- Ryan Foster – Middle-distance runner and first Tasmanian to break the 4-minute mile.
- Brendon Gale – former Australian rules footballer and is the current CEO of the Richmond Football Club
- Royce Hart – Australian rules footballer, member of the Australian Football Hall of Fame with legend status and member of the Team of the Century
- Peter Hudson AM – Australian rules footballer, considered one of the greatest full-forwards in the game’s history, when playing for Glenorchy he kicked 616 goals in 81 games with some records stating he instead kicked 769 goals; he is also a member of the Australian Football Hall of Fame
- Peter ‘Percy’ Jones – Australian rules footballer, played 249 games for the Carlton Blues in the VFL
- Eddie Ockenden – midfielder and striker for Australia’s national hockey team, the Kookaburras
- Tim Paine – Captain and current wicketkeeper for the Australian test team
- Steve Randell – Australian Test cricket match umpire; convicted of 15 counts of sexual assault against nine schoolgirls
- Jack Riewoldt – Premiership winning Australian rules footballer for Richmond, winner of the 2010 and 2012 Coleman and Jack Dyer Medal, cousin of Nick.
- Nick Riewoldt – Australian rules footballer, former captain of the St Kilda Football Club
- Ian Stewart – Australian rules footballer who played 127 games for St Kilda including the club’s first (and thus far only) Premiership in 1966, he is also a member of the Australian Football Hall of Fame with legend status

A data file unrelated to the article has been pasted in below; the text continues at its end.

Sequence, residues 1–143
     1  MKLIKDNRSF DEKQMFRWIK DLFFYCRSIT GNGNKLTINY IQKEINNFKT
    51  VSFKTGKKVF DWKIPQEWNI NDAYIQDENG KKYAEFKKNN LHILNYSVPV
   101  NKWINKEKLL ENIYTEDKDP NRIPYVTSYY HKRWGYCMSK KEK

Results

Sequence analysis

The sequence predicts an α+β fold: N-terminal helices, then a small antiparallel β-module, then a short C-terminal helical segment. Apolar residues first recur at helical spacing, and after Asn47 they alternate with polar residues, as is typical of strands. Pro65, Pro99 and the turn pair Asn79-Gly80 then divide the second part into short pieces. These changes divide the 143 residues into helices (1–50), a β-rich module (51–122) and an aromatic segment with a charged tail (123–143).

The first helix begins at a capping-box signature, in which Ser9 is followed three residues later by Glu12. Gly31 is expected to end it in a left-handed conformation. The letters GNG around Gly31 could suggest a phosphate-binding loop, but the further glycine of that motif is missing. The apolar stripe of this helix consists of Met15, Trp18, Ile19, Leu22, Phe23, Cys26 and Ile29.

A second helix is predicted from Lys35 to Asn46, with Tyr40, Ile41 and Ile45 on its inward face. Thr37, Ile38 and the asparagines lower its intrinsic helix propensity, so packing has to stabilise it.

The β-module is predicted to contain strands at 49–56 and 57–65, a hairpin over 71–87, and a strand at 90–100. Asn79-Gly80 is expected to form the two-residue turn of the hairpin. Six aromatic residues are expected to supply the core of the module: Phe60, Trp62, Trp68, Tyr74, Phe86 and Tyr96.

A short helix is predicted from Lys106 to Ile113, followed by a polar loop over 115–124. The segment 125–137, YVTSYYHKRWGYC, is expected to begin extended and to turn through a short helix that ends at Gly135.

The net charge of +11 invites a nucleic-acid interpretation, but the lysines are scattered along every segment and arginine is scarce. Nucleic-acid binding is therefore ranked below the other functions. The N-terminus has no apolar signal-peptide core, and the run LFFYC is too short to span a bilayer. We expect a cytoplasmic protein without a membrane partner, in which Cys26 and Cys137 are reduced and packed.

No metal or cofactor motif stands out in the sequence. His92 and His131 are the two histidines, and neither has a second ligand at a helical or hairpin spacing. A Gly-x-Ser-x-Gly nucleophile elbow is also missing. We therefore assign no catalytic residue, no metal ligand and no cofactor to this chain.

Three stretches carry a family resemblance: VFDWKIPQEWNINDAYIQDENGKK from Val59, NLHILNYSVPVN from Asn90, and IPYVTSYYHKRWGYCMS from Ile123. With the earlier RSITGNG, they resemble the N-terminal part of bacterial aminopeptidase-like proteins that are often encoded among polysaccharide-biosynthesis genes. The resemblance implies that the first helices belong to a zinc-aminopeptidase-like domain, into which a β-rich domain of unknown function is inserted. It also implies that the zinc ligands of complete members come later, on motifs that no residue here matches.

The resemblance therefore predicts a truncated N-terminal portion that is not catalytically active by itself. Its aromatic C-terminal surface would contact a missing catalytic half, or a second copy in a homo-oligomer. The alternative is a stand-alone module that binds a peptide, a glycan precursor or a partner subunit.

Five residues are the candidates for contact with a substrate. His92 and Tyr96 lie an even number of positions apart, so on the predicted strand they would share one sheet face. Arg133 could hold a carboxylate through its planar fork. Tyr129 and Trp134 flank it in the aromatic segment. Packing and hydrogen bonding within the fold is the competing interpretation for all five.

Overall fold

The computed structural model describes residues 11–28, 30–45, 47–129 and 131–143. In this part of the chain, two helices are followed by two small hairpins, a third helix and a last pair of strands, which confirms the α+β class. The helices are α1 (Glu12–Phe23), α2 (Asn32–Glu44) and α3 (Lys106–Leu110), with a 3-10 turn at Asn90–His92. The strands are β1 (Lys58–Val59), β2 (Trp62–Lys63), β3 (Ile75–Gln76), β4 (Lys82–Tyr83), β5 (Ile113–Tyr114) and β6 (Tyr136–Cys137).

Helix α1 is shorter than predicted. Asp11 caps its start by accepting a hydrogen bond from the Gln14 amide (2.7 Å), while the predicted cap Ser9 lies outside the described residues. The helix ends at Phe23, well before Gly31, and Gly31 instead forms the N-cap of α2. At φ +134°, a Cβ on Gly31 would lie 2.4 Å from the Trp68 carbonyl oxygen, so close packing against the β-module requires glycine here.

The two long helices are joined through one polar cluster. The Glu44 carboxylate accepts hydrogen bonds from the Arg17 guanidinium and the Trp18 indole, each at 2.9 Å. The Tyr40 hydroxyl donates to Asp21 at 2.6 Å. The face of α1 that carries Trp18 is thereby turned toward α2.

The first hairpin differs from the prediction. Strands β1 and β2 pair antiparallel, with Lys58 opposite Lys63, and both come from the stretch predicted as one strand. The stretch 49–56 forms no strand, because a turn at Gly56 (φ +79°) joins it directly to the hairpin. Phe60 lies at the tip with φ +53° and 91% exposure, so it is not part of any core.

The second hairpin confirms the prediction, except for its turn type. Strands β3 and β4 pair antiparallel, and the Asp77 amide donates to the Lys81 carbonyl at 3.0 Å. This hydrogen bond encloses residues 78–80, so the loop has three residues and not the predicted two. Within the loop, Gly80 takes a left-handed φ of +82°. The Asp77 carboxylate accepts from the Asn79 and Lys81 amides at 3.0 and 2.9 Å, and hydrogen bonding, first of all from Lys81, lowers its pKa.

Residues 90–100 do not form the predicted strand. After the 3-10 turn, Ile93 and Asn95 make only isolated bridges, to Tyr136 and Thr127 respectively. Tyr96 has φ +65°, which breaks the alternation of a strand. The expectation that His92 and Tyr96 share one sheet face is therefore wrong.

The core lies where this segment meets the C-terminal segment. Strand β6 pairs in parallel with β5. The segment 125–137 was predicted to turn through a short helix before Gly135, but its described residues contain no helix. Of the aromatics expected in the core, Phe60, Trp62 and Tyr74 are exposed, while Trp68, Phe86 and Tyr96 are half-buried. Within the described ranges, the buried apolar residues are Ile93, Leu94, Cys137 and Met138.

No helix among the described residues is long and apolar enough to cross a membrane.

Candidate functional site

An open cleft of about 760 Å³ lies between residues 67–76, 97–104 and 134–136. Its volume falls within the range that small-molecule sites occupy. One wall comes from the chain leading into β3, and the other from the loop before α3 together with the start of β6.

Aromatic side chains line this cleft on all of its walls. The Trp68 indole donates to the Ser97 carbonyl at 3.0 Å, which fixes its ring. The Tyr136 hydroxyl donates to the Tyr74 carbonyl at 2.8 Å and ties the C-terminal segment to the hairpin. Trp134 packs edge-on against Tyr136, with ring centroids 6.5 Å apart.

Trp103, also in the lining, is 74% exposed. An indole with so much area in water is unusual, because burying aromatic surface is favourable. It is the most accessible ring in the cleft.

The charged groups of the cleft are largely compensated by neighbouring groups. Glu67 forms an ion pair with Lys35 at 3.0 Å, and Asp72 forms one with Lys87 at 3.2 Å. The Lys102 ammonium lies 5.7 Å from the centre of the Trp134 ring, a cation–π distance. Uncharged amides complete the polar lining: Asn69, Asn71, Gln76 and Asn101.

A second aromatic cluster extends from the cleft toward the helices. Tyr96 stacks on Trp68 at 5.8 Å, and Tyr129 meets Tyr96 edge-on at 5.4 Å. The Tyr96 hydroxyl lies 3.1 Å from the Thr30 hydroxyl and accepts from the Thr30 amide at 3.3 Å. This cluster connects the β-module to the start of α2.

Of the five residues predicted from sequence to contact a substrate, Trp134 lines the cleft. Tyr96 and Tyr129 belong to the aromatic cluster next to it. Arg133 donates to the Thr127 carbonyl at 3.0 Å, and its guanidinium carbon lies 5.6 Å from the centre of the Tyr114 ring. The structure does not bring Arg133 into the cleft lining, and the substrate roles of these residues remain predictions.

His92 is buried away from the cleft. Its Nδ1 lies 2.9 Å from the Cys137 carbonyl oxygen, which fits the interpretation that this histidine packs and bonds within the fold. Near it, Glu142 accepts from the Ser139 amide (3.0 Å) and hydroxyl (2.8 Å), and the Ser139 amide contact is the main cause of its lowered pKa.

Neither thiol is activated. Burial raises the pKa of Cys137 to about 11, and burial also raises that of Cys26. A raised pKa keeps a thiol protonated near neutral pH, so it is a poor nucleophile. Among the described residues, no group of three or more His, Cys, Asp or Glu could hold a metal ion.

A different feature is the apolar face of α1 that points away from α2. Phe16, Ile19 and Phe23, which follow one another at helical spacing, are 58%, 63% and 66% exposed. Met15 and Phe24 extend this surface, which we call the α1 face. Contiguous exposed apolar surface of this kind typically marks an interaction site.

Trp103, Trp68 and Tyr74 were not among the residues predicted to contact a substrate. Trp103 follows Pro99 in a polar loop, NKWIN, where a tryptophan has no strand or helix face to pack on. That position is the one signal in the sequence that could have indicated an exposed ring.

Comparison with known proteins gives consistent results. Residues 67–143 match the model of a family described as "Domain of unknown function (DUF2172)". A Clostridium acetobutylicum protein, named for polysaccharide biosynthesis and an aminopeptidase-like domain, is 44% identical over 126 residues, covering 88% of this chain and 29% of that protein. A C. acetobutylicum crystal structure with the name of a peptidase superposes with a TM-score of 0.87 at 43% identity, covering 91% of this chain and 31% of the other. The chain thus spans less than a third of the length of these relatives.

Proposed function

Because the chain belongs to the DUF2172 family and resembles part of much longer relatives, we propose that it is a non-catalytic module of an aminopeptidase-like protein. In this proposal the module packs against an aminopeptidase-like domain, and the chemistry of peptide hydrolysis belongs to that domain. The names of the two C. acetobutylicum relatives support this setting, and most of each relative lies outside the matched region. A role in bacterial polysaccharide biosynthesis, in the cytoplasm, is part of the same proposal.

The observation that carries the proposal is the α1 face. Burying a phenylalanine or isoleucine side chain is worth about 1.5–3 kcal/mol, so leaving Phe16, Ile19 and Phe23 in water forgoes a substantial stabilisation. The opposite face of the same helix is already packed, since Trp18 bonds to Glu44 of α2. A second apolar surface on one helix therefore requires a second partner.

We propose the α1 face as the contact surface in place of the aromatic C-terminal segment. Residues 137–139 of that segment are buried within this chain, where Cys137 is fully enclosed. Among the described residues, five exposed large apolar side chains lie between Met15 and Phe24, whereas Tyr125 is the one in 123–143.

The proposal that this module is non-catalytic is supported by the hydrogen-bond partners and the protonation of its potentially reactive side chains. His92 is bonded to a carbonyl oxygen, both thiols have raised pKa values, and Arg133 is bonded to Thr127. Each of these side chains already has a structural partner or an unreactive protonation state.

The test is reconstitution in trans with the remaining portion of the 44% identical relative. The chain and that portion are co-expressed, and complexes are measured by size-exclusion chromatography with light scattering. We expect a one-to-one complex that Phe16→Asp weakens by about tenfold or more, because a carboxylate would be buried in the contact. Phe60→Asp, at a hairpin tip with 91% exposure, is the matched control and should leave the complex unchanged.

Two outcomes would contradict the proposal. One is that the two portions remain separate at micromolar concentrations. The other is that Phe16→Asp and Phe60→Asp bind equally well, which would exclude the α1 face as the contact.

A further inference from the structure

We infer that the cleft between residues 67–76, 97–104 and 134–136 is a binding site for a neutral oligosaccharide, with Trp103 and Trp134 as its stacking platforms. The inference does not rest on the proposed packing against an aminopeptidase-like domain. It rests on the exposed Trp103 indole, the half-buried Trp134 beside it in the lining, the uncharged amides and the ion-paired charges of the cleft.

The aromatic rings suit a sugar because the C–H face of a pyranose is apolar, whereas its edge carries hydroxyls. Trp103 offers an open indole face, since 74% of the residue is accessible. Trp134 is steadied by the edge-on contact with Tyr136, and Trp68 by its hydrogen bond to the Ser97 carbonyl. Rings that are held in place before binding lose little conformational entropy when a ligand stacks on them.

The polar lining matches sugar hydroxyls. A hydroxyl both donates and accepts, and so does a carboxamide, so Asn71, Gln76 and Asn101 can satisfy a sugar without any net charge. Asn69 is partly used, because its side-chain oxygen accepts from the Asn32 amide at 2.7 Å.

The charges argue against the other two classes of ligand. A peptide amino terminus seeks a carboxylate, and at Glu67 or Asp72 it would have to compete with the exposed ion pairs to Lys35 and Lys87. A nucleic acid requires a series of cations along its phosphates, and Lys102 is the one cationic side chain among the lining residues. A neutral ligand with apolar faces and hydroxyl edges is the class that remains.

- Max Walker – Australian rules footballer and Australian cricketer, media commentator and motivational speaker
- Paul Williams – Australian Rules footballer who played 306 games for Collingwood and Sydney, also previously caretaker coach of the Western Bulldogs
- Cameron Wurf – Australian road cyclist and current member of the Cannondale Pro Cycling Team
- Adam Coleman, rugby union player
- Elizabeth Blackburn, Nobel Prize-winning biological researcher
- Bob Brown, retired politician, former leader of the Australian Greens
- William Buckley, escaped convict who lived with the native Wathaurung people on the Bellarine Peninsula for over 30 years
- Alec Campbell, longest surviving war veteran from the Gallipoli Campaign
- Peter Conrad, academic and author currently teaching at Christ Church, Oxford
- Mary Donaldson, Crown Princess of Denmark
- Helene Chung Martin, journalist and author, notable for being the first reporter of Asian descent to report on the ABC
- Bernard Montgomery, general who grew up in Hobart; served in both world wars and is famous for his victory at the battle of El Alamein
- Alexander Pearce, convict and cannibal
- Joseph Potaski, convict and first Pole to come to Australia
- Harry Smith, Officer Commanding D Company, 6 RAR during the Battle of Long Tan in the Vietnam War
- David Walsh, art collector and founder of the Museum of Old and New Art
- Charles Wooley, journalist, most famous for his role on Channel Nine‘s 60 Minutes
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- Guide to Hobart – Hobart Guide